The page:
The main problem with the Varis Sul storyline is that they treat her so much like a child while still trying to say that she’s so much more than a child. There are a few too many moments where people explain things in a rather condescending way to her, along with too many moments where she acts in ways that I realistically think someone in her position could not possibly not know to not do. Oh well.

The O’Brien/Bashir dynamic made this episode click for me. Snarky O’Brien was epic, and shows once again the greatness of the actor who plays him. Love that character. Seriously. It was so fun to see him get thrown into a situation that made him so uncomfortable, and it was played up well. O’Brien is turning out to be this series’ Worf. Good stuff.

I do like the Jake/Nog dynamic, but that is at least partially because as a kid I totally loved them. But hey, nostalgia’s not necessarily a bad thing, right?

Grade: B+ “It’s a stretch, but I loved snarky O’Brien so much.”

Wife’s Grade and Comment: B+ “It was an interesting story, but the resolution felt a little contrived.”

Links

J.W. Wartick- Always Have a Reason– Check out my “main site” which talks about philosophy of religion, theology, and Christian apologetics (among other random topics). I love science fiction so that comes up integrated with theology fairly frequently as well. I’d love to have you follow there, too!

Be sure to follow me on Twitter for discussion of posts, links to other pages of interest, random talk about theology/philosophy/apologetics/movies/scifi/sports and more!

Star Trek: DS9- For more episode reviews, follow this site and also click this link to read more (scroll down as needed)! Drop me a comment to let me know what you thought!

SDG.

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Star Trek: Deep Space Nine Season 1- “Emissary”

"I don't even get a mention in the plot summary? What?" - Quark

“I don’t even get a mention in the plot summary? What?” – Quark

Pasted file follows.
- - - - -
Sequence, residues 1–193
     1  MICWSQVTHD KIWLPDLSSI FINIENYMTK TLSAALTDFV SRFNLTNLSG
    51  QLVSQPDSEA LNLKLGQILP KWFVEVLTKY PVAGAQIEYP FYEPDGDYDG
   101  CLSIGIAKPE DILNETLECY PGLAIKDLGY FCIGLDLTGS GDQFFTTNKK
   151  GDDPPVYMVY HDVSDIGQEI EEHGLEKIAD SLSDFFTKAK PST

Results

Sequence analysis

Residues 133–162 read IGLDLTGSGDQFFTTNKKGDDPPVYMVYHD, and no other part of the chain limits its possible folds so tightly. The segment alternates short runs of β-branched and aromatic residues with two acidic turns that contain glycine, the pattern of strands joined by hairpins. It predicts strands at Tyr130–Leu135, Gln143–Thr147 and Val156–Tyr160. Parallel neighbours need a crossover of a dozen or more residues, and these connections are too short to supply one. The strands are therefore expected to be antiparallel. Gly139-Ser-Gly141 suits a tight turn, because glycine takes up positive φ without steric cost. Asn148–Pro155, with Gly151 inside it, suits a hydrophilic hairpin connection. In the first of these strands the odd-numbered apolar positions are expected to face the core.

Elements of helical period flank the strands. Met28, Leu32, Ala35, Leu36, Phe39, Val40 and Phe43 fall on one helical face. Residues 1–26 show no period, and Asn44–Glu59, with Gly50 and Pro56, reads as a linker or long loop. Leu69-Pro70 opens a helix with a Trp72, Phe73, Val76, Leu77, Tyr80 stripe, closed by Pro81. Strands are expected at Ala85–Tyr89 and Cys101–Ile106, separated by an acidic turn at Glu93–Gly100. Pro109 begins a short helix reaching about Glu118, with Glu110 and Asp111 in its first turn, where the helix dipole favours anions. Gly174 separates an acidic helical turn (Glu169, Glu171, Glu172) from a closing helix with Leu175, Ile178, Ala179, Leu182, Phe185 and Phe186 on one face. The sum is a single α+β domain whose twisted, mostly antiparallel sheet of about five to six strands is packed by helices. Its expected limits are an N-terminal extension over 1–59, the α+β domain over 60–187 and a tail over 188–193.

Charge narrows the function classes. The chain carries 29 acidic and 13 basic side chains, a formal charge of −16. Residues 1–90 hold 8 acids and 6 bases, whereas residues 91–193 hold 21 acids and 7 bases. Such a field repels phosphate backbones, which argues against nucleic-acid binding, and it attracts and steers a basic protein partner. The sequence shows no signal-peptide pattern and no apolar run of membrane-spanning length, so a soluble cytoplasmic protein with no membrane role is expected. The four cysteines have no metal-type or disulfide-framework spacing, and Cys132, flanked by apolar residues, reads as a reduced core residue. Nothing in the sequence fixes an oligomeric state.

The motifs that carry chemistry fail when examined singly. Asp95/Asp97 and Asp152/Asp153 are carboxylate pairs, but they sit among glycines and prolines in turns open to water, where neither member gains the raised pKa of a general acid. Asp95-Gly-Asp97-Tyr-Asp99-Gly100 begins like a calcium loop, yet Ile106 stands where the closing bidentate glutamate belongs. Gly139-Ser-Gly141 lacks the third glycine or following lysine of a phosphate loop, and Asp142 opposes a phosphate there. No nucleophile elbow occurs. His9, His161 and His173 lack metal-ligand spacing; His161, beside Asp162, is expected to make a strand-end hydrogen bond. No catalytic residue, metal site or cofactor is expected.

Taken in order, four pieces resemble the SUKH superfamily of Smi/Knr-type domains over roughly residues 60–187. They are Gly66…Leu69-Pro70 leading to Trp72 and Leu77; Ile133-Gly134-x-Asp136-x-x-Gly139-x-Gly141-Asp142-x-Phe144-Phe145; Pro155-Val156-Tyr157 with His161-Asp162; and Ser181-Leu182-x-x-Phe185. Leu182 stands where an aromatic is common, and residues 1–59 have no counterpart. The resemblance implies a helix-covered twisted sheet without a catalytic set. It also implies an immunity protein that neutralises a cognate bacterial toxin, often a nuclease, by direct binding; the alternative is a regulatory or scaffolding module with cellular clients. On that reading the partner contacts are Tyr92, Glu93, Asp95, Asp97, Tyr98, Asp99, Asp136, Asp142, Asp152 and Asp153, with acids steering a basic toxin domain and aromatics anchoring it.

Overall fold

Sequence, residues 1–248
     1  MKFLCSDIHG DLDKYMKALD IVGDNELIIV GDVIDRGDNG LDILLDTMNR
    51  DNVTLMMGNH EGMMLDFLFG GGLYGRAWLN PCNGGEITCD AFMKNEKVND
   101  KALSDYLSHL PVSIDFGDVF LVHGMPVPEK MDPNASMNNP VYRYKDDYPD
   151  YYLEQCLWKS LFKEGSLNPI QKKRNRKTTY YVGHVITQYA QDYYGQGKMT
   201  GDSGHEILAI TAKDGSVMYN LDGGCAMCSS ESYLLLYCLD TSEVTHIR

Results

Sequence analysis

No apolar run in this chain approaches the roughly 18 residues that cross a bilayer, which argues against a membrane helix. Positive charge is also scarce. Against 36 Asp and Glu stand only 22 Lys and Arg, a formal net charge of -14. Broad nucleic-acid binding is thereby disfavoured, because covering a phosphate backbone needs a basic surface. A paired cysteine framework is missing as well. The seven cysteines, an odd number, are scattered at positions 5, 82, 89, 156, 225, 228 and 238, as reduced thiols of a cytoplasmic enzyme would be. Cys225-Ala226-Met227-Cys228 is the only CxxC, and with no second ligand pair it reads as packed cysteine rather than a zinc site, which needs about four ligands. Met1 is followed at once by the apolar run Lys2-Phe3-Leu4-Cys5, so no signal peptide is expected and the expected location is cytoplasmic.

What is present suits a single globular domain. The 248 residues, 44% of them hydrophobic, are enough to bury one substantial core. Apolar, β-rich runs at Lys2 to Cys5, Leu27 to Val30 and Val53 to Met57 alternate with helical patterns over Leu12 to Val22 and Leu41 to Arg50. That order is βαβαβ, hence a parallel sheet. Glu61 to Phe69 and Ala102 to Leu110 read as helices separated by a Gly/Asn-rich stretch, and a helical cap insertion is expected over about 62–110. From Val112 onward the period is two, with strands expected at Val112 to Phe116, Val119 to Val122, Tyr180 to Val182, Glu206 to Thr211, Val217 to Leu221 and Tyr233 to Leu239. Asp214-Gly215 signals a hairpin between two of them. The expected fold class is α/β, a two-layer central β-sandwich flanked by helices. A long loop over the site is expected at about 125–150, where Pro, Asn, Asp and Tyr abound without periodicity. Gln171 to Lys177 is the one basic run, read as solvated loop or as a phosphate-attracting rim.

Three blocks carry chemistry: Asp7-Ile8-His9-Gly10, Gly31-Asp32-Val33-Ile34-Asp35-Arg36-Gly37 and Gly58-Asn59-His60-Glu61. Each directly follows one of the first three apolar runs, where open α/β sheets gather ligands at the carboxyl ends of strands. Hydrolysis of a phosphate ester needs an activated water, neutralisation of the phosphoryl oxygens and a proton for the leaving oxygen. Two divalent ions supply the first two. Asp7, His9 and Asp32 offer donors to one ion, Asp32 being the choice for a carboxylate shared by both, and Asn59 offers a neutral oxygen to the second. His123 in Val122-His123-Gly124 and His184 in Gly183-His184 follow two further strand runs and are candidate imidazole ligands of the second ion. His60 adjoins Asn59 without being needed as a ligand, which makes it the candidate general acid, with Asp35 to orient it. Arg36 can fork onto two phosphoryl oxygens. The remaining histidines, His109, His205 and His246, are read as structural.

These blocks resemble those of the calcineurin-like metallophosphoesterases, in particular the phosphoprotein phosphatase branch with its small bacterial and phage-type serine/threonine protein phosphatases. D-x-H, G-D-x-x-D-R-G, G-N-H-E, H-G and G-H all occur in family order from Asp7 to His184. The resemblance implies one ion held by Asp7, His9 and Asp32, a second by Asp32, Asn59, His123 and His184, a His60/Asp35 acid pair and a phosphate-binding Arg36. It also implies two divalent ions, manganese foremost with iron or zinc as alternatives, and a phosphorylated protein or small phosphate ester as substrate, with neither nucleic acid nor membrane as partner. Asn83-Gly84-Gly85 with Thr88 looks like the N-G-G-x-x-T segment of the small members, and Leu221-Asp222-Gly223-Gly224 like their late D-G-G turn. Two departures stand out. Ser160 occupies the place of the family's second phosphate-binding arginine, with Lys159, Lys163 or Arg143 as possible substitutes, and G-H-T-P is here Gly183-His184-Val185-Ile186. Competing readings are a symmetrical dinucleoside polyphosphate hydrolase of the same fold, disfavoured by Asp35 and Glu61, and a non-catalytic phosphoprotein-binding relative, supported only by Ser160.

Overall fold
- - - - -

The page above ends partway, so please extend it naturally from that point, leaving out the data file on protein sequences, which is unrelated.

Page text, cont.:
I’ve completed my re-watch of “Star Trek: The Next Generation.” Now it’s time to start Deep Space Nine! I am much less familiar with this show, though I’m pretty sure I’ve seen about 80-90% of the episodes. It’s been so long that I’m sure it will all feel brand new. My wife has never seen the show. She and I will go through, review every episode, and give commentary and a grade from A-F. There are SPOILERS for each episode below. Without further adieu, here’s:

“Emissary”

Synopsis

Commander Benjamin Sisko is assigned to command Deep Space Nine, a station that the Cardassians used in their occupation of the Bajoran system. He arrives with his son, Jake Sisko, to find the station in a state of disrepair, the Cardassins having emptied it out. As Chief O’Brien (from the Enterprise) tries to repair the station, the security commander, Odo, tries to keep the people in order. Major Kira Nerys was briefly the station commander, and seems displeased that Sisko might displace her.

Sisko eventually must meet with Captain Jean Luc Picard of the Enterprise, where tension stands between them as Picard was involved in the Borg attack (as a Borg, briefly) that killed Sisko’s wife. Sisko then meets with a religious leader on the surface of Bajor, Kai Opaka. She says that he is the prophesied one and that he is to help Bajor as a kind of messianic figure.